The abundant supply of North American natural gas has resulted in increased attention to one part of the development process, hydraulic fracturing. Hydraulic fracturing is an advanced technology that has brought energy production into areas that are less familiar with this work, including the heavily populated Northeast. That people want to have a conversation about their questions is admirable. And those entrusted with developing this natural resource safely and responsibly must be committed to answering those questions.
What we are seeing, however, are people with good-faith questions and concerns being overwhelmed by misrepresentations, innuendo and just plain false information. Celebrities from Alec Baldwin to David Letterman to Mark Ruffalo, having no expertise, claim natural gas development is “poisoning our drinking water and air.” Deliberately false “documentaries” meant to inspire fear are being distributed in libraries and schools. And natural gas is being cast as the villain in Hollywood, from episodes of CSI to SyFy’s original movie, Arachnoquake, in which giant fire-breathing albino spiders come out of the earth’s core because of hydraulic fracturing. These characterizations would grab the attention and scare anyone who hears or sees them. Keep reading →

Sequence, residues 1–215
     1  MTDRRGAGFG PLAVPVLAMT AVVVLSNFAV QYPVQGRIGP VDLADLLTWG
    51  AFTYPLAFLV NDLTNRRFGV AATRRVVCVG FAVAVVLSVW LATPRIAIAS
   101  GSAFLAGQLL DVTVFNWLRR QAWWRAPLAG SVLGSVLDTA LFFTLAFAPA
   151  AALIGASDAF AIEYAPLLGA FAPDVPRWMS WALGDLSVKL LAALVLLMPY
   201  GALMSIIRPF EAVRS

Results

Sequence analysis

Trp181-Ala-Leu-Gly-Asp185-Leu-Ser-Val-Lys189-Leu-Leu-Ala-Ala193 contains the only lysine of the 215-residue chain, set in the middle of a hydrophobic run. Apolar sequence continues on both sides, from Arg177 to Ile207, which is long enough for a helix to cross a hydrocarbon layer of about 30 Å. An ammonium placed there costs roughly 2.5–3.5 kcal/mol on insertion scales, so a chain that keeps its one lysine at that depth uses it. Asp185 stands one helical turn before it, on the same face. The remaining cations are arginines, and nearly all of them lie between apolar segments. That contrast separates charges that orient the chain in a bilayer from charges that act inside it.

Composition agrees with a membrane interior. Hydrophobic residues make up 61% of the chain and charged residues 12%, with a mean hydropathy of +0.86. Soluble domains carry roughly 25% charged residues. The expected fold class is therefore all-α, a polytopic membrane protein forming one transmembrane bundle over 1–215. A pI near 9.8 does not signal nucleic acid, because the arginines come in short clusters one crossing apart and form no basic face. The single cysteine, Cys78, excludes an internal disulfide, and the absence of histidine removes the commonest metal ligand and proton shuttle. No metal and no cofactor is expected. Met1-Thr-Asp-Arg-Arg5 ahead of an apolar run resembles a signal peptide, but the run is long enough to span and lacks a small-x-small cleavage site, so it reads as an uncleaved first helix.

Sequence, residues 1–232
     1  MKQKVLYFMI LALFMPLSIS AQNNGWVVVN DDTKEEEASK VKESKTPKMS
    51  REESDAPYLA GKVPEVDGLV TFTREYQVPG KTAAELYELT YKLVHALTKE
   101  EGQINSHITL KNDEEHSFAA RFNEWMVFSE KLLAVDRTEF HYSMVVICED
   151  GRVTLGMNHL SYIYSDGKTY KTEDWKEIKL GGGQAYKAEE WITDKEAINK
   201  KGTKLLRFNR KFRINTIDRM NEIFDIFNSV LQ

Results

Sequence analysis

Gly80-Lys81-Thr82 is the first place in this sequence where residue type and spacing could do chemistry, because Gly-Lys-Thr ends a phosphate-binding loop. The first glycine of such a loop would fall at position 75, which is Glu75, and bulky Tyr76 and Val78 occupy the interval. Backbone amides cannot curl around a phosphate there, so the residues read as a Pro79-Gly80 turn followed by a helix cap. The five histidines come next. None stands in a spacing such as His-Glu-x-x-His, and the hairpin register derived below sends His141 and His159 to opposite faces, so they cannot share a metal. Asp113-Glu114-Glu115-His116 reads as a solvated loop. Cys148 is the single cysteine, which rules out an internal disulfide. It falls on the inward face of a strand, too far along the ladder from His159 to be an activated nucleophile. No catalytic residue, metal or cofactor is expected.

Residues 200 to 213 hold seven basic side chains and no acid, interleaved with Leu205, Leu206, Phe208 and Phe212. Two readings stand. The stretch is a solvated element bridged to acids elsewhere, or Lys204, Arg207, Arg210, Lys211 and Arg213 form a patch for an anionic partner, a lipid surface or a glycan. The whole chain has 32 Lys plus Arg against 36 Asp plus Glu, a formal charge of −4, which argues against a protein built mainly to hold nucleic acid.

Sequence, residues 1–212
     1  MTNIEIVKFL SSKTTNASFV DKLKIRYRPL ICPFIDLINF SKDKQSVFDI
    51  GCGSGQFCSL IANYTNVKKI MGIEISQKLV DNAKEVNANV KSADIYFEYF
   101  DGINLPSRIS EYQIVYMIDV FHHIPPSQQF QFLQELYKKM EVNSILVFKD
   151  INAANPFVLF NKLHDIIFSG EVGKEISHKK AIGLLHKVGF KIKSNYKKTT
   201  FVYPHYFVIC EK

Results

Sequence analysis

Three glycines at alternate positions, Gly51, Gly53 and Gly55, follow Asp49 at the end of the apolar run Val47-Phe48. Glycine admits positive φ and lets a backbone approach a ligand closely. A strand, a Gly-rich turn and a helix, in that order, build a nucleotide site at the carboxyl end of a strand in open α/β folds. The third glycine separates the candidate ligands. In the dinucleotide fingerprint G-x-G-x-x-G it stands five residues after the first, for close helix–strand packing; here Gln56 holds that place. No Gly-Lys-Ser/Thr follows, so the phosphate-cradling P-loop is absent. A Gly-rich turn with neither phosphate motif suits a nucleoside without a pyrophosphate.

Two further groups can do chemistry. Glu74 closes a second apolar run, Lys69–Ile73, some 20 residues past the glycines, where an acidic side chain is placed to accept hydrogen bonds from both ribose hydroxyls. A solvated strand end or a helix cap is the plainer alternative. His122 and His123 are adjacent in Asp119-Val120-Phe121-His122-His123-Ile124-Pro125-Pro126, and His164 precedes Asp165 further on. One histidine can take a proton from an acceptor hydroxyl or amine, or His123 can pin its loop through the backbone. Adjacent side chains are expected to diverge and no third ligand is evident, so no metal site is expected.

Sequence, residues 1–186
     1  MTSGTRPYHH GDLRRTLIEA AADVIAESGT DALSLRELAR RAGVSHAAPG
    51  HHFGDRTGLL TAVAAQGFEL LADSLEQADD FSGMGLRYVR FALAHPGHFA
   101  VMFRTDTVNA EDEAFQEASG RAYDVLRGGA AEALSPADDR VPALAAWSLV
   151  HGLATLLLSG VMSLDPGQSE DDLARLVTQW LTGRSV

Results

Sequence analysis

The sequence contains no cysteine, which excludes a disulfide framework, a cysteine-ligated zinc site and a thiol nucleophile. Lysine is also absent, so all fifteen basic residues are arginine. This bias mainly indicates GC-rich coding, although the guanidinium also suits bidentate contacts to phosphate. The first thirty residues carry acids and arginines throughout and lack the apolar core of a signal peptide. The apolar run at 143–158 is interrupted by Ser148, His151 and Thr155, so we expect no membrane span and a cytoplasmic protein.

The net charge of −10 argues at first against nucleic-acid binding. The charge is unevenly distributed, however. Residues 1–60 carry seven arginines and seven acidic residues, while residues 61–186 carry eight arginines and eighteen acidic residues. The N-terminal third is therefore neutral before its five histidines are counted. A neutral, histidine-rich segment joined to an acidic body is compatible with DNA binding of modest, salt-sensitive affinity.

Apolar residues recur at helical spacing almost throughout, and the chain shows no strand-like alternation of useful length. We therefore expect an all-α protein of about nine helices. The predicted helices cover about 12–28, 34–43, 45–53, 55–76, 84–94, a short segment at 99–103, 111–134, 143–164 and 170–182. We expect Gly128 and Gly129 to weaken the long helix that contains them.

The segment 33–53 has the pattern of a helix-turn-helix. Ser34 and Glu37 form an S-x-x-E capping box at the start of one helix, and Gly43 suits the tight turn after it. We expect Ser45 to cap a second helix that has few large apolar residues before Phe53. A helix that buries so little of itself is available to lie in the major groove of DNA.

Two major industry groups said today that EPA needs to lower its methane emissions estimates, which are 50% higher than indicated by a new survey of hydraulic fracturing emissions. The American Petroleum Institute and America’s Natural Gas Alliance released what they call the “most comprehensive study to date.”
The report entitled “Characterizing Pivotal Sources of Methane Emissions from Unconventional Natural Gas Production,” is a summary and analysis of survey results conducted by the URS Corporation and the LEVON Group. Keep reading →
International Energy Agency IEA Chief Economist Fatih Birol (C) talks as Brazil’s state-controlled energy giant Petrobras CEO Jose Sergio Gabrielli de Azevedo (R) and and Italian energy giant Enel CEO Fulvio Conti (L) listen at the end of a press briefing at the IEA ministerial meeting at the OECD headquarters in Paris on October 18, 2011.
Oil and gas industry advocacy groups differed in their reaction to a new unconventional gas development report, highlighting the importance of a major US election issue and the messaging that surrounds it. Keep reading →
On November 1, the EPA released its much awaited study on the environmental impacts of hydraulic fracturing. It was immediately denounced by six oil and gas industry associations.
The EPA “has moved forward with data collection for the Study, ignoring both its commitment to and a Congressional direction to ensure transparency and stakeholder input,” the six industry associations, namely the Independent Petroleum Association of America (IPAA), the American Petroleum Institute (API), the American Exploration & Production Council (AXPC), the US Oil & Gas Association, America’s Natural Gas Alliance (anga) and the Petroleum Equipment Suppliers Association (PESA), wrote in the letter to EPA Administrator Lisa Jackson. Keep reading →